My documentary-style practice of portraiture investigates the photographic virtues of observation and collaboration. I aim to make pictures that add up to a world populated by isolated people who inexplicably still try and reach out and connect to others. I point to this tension in pictures through segregating and organizing subjects within a photographic frame. The relationship between the photographer and subject (and between the people in the frame) is simultaneously unreadable and undeniable. I am in pursuit of pictures that suggest fragmentation and isolation despite physical proximity.
“These Days I Feel Like a Snail Without a Shell,” is a line taken from a Murakami novel “South of the Border, West of the Sun”. The title is meant to implicate myself as an unnamed and unrevealed character in the work. The photographer-as-character moves through the world without a shell while remaining in search of one. Though the pictures aren’t necessarily visual manifestations of personal emotion, my aim is to describe and project emotional dislocation on the individuals populating my pictures.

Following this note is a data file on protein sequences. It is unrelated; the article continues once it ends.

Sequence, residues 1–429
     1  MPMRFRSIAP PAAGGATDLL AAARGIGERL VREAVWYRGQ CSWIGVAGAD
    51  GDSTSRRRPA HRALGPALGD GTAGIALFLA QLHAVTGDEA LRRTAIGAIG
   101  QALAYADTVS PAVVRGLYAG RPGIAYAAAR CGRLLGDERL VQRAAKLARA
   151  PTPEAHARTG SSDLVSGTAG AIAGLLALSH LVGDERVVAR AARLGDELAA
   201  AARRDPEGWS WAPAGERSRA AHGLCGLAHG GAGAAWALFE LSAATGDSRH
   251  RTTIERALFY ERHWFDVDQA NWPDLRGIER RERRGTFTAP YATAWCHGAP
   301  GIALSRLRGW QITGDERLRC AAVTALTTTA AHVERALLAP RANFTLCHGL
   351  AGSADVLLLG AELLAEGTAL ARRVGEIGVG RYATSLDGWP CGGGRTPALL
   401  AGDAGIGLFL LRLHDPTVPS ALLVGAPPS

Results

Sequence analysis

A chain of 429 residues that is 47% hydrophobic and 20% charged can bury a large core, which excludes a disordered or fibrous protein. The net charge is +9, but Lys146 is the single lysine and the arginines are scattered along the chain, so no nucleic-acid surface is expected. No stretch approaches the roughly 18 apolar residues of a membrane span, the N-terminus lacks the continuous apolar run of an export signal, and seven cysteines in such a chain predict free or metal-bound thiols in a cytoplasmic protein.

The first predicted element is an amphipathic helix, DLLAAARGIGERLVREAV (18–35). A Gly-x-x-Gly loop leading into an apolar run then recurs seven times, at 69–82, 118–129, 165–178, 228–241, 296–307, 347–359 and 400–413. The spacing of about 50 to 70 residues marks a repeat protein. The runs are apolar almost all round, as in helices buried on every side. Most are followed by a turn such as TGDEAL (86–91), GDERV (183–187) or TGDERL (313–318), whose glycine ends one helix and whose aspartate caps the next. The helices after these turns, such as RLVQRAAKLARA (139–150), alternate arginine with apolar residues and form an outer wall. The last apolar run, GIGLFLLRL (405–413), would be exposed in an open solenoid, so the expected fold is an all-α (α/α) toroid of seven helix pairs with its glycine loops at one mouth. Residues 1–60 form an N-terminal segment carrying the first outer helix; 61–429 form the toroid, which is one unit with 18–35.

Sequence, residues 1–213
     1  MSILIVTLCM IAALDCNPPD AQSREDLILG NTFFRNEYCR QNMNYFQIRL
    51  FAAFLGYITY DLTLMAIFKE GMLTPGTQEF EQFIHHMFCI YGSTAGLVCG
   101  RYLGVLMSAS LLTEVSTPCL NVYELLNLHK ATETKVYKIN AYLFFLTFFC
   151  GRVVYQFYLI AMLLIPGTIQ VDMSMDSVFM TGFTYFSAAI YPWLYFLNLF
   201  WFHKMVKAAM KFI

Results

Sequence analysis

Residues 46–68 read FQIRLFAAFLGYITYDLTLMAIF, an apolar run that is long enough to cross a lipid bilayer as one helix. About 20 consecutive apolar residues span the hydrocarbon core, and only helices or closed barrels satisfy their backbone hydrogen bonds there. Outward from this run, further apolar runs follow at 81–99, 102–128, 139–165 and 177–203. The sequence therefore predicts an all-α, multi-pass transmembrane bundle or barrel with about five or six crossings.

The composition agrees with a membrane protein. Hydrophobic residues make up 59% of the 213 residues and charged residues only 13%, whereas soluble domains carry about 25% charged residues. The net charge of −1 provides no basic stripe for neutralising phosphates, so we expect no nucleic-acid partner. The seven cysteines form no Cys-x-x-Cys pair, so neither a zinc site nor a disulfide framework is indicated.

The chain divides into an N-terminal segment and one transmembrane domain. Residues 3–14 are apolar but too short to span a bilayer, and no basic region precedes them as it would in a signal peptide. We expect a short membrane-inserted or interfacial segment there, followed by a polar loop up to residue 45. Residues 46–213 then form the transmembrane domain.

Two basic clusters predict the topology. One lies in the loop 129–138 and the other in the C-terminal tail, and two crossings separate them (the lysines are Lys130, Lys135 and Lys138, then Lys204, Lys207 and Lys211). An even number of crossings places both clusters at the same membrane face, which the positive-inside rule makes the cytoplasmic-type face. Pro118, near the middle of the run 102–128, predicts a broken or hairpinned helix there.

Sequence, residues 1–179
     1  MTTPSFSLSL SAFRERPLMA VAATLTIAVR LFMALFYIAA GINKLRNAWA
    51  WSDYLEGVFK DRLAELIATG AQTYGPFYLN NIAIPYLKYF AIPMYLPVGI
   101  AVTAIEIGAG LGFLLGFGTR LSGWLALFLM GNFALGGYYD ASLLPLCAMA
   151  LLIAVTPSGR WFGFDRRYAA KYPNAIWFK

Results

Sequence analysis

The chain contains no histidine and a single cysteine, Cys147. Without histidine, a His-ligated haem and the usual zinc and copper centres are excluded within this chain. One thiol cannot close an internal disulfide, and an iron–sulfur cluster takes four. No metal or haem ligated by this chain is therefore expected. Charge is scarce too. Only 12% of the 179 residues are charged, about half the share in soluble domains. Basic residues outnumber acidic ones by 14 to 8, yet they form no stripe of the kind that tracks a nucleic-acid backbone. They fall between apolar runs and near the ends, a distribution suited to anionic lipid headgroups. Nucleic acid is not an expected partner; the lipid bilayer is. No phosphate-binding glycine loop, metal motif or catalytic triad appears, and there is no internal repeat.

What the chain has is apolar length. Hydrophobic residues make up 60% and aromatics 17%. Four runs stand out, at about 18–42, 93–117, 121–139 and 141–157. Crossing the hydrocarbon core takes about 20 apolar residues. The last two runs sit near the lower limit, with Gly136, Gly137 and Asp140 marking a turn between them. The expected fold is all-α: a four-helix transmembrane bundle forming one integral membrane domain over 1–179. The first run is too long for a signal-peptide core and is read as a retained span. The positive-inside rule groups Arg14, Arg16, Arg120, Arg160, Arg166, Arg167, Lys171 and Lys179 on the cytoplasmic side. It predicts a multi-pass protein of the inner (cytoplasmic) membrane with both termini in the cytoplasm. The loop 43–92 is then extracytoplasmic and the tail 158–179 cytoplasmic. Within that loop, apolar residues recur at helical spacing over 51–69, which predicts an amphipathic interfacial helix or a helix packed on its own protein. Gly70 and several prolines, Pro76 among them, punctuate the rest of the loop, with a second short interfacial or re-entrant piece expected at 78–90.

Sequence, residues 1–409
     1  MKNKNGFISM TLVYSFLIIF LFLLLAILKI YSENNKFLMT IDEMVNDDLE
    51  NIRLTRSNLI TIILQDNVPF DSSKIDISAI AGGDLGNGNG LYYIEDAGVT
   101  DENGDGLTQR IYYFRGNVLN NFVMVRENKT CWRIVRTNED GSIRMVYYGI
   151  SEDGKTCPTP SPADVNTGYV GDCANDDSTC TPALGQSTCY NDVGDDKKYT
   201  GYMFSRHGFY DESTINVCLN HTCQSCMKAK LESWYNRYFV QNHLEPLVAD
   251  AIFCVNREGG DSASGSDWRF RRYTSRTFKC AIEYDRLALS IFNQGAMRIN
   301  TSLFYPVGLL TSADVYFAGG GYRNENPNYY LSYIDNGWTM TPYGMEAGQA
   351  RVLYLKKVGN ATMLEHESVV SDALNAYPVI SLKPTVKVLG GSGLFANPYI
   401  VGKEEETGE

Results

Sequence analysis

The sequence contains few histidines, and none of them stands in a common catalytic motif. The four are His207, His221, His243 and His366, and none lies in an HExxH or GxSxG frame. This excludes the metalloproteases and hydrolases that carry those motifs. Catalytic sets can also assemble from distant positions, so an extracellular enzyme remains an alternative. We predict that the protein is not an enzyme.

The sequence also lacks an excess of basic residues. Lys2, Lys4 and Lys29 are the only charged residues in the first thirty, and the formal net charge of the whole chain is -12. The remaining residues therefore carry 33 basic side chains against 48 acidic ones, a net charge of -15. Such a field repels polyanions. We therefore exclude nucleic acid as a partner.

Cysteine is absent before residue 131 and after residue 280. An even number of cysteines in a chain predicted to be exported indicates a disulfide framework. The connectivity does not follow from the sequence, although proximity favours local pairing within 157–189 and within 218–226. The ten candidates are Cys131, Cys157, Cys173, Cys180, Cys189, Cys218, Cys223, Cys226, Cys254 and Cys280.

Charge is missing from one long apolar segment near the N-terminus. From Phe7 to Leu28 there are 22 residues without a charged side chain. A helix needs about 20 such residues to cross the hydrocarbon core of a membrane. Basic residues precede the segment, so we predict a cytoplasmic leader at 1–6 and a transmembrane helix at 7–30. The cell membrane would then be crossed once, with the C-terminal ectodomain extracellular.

“My grandfather and his nurse,” c. 2014
“Christina lifting Christopher,” c. 2014
“My grandfather and exercising,” c. 2014
“Reaching hands,” c. 2014
“Eye drops,” c. 2014
“My grandfather by the pool,” c. 2014
Paolo Morales is a photographer. Selected exhibitions include the Detroit Center for Contemporary Photography, Kings Highway Library, C Street Gallery, and Bliss on Bliss Art Projects. His photographs are held in multiple collections and have been published internationally. He taught at PhotoUno Photography School in Manhattan and most recently at Lesley University. He received a BFA in photography from the Art Institute of Boston and is currently an MFA candidate at Rhode Island School of Design.